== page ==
Nathaniel Popkin is the author of five books, including the new novel Everything is Borrowed (New Door Books), called “utterly absorbing” by the writer Robin Black, and the co-editor of Who Will Speak for America?, a literary anthology in response to the American political crisis, forthcoming in June 2018 (Temple University Press). He is the fiction review editor of Cleaver Magazine, as well as a prolific book critic—and National Book Critics Circle member—focusing on literary fiction and works in translation. His work has appeared in the Wall Street Journal, Public Books, The Rumpus, Tablet Magazine, LitHub, The Millions, and the Kenyon Review, among other publications.
As a keen observer of cities and lived places, Popkin has often turned his eye to the layers of history and life in his own city. He’s the founding co-editor of the Hidden City Daily, a web magazine that covers architecture, design, planning, and preservation in Philadelphia, and the co-author of the 2017 work of non-fiction, Philadelphia: Finding the Hidden City (Temple University Press). He’s also the senior writer and story editor of the multi-part documentary film series “Philadelphia: The Great Experiment,” for which his work has been recognized with several Emmy awards. He was the guest architecture critic of the Philadelphia Inquirer from 2011-12.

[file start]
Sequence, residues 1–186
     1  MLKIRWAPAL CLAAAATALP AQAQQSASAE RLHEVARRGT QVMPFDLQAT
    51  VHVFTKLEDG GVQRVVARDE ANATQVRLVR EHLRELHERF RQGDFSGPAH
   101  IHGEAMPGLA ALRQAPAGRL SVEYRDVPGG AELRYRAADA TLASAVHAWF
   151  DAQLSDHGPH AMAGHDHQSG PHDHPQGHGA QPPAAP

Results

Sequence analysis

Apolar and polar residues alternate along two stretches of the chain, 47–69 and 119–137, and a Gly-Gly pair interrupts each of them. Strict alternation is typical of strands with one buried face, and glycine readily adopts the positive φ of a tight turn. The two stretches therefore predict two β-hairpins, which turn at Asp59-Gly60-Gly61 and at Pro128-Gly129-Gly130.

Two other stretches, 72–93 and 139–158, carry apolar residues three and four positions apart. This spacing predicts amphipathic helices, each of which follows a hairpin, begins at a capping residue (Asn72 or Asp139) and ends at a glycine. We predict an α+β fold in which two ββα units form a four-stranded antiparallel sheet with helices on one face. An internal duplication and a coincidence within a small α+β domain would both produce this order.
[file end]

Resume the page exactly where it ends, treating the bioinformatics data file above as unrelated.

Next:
Popkin’s first novel, Lion and Leopard (The Head and The Hand Press), is a mediation on originality and influence in art. It reimagines the life and tragic death of the first great American genre painter, John Lewis Krimmel. Lion and Leopard was a finalist for the Foreword Reviews Indie Book of the Year Award, and novelist Ken Kalfus described it as “historical literary fiction at its most engaging.”
Lion and Leopard followed two books of literary non-fiction, the 2002 Song of the City (Four Walls Eight Windows/Basic Books) and the 2008 essay collection, The Possible City (Camino Books).
Popkin has been a Pennsylvania Council on the Arts fellow and a writer-in-residence at Philadelphia University and the Athenaeum of Philadelphia.
Read Philadelphia Inquirer book editor John Timpane’s profile of Nathaniel.